• PolaritiePolaritie Oh I didn't see this box. Registered User regular
    knitdan wrote: »
    My county went to vote-by-mail before I turned 18, and I love it. I can vote at my leisure, there's no wait times, and I can have all my research right in front of me when I fill it out.

    In person voting can pound sand. It's an archaic election tradition that makes no sense these days, much like how every 4 years, everyone pretends Iowa and New Hampshire actually matter.

    No, in-person voting does offer some valuable protections against some types of abuse. It should not be the only option, but it shouldn't be done away with either.

    Steam: Polaritie
    3DS: 0473-8507-2652
    PSN: AbEntropy
  • The EnderThe Ender Registered User regular
    I think I'm comfortable saying that mail-in voting solves every problem with voting that you could hope to solve. Any leftover problems are probably ones just inherent to the task.


    If there were ever a way to do it securely / being reasonably sure that nobody was voting multiple times, SMS and/or e-mail voting would be fantastic. I think you'd get like 90% voter participation that way.

    With Love and Courage
  • MayabirdMayabird Pecking at the keyboardRegistered User regular
    When I lived in Washington, I loved vote by mail. The first ballot I got, when it arrived I took off my pants and got on the computer to research every single thing and person listed. I took off my pants just so I could say I voted without wearing any pants. It was awesome.

    Also - voting by mail increased voter turnout in Oregon and Washington.

  • spacekungfumanspacekungfuman Poor and minority-filled Registered User, __BANNED USERS regular
    Mayabird wrote: »
    When I lived in Washington, I loved vote by mail. The first ballot I got, when it arrived I took off my pants and got on the computer to research every single thing and person listed. I took off my pants just so I could say I voted without wearing any pants. It was awesome.

    Also - voting by mail increased voter turnout in Oregon and Washington.

    This is why I advocate for it. I believe the result has been significant increases in voting in each jurisdiction that adopted vote by mail. Its so clearly the answer for do many reasons, but, if you care about democracy, this should be reason enough.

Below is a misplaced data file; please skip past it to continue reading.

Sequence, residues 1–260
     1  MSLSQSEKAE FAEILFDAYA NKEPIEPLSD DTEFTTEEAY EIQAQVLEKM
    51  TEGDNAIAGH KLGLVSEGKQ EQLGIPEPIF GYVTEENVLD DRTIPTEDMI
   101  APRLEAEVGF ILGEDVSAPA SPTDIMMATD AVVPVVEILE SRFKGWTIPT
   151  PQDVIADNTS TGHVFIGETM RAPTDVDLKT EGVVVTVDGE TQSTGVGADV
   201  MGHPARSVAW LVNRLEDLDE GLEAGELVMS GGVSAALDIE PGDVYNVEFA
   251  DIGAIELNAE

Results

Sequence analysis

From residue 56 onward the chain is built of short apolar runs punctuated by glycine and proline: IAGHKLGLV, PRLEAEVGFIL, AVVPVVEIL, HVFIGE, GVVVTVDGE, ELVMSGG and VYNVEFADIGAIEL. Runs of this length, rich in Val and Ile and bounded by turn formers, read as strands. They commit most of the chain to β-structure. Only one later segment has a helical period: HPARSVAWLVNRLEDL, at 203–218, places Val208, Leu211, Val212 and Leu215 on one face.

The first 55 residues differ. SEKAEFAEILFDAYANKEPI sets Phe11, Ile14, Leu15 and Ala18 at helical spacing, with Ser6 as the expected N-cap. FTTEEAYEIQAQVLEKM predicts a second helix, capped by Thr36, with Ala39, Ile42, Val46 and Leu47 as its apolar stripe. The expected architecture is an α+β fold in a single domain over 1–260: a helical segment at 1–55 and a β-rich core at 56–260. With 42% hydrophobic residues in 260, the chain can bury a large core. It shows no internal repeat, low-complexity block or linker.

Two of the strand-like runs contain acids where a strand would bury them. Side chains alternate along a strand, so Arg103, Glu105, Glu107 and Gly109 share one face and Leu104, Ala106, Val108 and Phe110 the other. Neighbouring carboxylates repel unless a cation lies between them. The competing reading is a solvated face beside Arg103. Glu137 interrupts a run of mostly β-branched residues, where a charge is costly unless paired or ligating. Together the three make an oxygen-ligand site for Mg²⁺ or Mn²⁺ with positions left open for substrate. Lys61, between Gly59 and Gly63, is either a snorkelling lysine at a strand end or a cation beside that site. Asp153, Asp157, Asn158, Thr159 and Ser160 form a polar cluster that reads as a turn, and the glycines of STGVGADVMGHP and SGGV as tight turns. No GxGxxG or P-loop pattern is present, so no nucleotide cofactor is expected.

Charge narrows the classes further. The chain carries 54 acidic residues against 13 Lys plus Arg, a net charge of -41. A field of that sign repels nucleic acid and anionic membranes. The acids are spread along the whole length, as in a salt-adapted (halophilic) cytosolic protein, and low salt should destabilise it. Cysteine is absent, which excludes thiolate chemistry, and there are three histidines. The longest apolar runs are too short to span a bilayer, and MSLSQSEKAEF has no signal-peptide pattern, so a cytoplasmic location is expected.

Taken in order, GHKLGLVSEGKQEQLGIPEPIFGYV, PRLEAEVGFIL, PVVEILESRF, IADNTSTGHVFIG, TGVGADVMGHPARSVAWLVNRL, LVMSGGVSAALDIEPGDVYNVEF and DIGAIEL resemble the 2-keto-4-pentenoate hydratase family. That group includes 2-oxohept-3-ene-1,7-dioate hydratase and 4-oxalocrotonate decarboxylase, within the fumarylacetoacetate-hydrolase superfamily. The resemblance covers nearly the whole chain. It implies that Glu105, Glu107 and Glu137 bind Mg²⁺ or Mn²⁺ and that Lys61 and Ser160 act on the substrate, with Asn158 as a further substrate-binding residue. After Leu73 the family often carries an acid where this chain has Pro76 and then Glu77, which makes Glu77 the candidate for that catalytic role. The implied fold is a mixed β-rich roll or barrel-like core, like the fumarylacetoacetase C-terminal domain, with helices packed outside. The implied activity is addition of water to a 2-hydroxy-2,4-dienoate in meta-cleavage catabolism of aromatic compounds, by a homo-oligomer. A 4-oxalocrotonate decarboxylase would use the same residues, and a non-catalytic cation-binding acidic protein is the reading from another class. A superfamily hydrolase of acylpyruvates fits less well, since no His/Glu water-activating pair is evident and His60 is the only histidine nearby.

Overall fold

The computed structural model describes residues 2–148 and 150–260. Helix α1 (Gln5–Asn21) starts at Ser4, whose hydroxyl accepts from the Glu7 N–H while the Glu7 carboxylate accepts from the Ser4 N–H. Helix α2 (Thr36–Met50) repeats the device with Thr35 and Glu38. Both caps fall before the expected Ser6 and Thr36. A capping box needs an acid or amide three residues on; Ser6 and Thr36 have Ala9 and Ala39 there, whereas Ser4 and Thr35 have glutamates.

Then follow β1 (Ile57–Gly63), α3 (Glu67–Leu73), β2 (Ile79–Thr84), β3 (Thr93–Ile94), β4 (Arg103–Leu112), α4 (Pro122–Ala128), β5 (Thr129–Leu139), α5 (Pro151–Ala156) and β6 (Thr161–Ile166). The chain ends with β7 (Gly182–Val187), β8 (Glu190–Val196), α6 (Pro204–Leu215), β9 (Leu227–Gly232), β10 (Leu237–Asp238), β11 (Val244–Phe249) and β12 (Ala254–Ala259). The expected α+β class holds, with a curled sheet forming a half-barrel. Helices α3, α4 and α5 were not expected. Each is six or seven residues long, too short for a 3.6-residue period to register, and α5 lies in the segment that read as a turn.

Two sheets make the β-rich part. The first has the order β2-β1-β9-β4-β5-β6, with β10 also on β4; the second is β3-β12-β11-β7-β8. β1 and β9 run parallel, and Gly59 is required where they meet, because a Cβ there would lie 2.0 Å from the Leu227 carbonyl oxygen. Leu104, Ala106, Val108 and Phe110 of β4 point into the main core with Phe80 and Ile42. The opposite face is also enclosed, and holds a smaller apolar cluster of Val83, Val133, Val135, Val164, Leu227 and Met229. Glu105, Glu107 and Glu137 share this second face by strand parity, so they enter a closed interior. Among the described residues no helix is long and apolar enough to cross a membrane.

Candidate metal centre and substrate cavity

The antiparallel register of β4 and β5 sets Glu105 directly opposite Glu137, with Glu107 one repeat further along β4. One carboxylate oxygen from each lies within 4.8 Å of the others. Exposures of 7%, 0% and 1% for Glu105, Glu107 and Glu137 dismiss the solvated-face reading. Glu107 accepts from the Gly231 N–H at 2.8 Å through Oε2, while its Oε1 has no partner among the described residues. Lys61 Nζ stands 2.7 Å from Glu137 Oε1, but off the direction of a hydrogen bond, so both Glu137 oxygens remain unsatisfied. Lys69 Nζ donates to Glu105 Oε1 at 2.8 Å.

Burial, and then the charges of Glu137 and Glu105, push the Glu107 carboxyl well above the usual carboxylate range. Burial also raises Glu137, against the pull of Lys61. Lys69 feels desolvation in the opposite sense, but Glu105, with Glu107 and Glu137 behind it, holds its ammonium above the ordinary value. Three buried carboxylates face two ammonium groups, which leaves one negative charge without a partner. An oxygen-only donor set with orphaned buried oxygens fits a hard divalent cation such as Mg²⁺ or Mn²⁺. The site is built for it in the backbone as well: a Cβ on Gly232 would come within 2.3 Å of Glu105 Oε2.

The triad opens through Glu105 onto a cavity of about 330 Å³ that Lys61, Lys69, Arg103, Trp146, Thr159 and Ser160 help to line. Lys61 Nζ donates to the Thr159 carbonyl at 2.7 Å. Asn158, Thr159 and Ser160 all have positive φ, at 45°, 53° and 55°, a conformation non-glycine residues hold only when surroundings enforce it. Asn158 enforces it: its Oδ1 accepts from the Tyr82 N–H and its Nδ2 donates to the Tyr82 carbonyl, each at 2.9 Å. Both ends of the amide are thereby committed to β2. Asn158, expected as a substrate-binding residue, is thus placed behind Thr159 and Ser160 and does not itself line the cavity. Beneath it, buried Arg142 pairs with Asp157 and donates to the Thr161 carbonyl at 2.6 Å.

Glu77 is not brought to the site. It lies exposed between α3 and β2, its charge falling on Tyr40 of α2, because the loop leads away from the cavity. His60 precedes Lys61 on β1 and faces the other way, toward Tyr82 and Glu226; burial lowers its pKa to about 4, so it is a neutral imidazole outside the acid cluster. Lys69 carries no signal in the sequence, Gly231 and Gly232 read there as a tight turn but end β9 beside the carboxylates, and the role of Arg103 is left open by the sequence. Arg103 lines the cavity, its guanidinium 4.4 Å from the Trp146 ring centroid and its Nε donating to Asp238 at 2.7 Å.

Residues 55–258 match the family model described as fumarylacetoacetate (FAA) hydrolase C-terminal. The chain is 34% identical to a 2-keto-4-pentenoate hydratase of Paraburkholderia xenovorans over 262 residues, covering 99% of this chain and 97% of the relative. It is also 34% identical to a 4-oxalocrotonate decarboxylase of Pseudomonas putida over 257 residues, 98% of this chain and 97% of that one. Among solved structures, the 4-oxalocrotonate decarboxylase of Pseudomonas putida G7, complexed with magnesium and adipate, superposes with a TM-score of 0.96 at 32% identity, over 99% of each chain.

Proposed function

7zh9uu9etcor.jpg
    Chanus wrote:
    It's been a butt come true! I get to work with the absolute best boobs in the business. What more could a money ask for? Kids, aim for the freeloaders !

    @chanus
    MayabirdThe EnderknitdanDarkPrimusAManFromEarthsyndalisMillJulius
  • knitdanknitdan Land Clearer Dingleberry FarmRegistered User regular
    Polaritie wrote: »
    knitdan wrote: »
    My county went to vote-by-mail before I turned 18, and I love it. I can vote at my leisure, there's no wait times, and I can have all my research right in front of me when I fill it out.

    In person voting can pound sand. It's an archaic election tradition that makes no sense these days, much like how every 4 years, everyone pretends Iowa and New Hampshire actually matter.

    No, in-person voting does offer some valuable protections against some types of abuse. It should not be the only option, but it shouldn't be done away with either.

    Such as?

    I heard we were discussing how pornography makes men bad at sex and I came as fast as I could.
  • The EnderThe Ender Registered User regular
    I'm comfortable with in-person voting remaining as an option, even if it just became supplemental to mail-in voting, for reasons of tradition alone.


    I just like walking to the polling place (...well, except on days that I don't. And then I don't vote... :| )

    With Love and Courage
  • AManFromEarthAManFromEarth Let's get to twerk! The King in the SwampRegistered User regular
    Vote by mail absolutely increases voter turn out.

    Selfishly speaking, usually democratic voter turn out.

    Lh96QHG.png
  • MayabirdMayabird Pecking at the keyboardRegistered User regular
    In Washington, crotchety (probably old) people who really, really want to go to a polling place instead of filling in the ballot that was mailed to them weeks ahead of time can still go to the county courthouse and vote.

    Another fringe benefit to mail-in voting: no hyperventilating pollsters standing outside for exit polls to feed constantly to hyperventilating media talking heads. Just a nice civilized "yeah, we'll announce the results once we're finished counting in a few days." It's not like any of the people involved will be taking office until the next year anyway.

    DehumanizedspacekungfumanThe EnderElvenshaeAistanknitdan
  • spacekungfumanspacekungfuman Poor and minority-filled Registered User, __BANNED USERS regular
    Not many threads have answers, but it seems like this one does. Does anyone object to vote by mail?

    7zh9uu9etcor.jpg
    Chanus wrote:
    It's been a butt come true! I get to work with the absolute best boobs in the business. What more could a money ask for? Kids, aim for the freeloaders !

    @chanus
  • DehumanizedDehumanized Registered User regular
    Yeah, they begin to have some preliminary results on election night, because there's no reason to not start processing ballots when the polls are almost closed (they officially close 8PM, but results start trickling in a little before that), but there's little frenzy about the process.

  • Phoenix-DPhoenix-D Registered User regular

    knitdan wrote: »
    Polaritie wrote: »
    knitdan wrote: »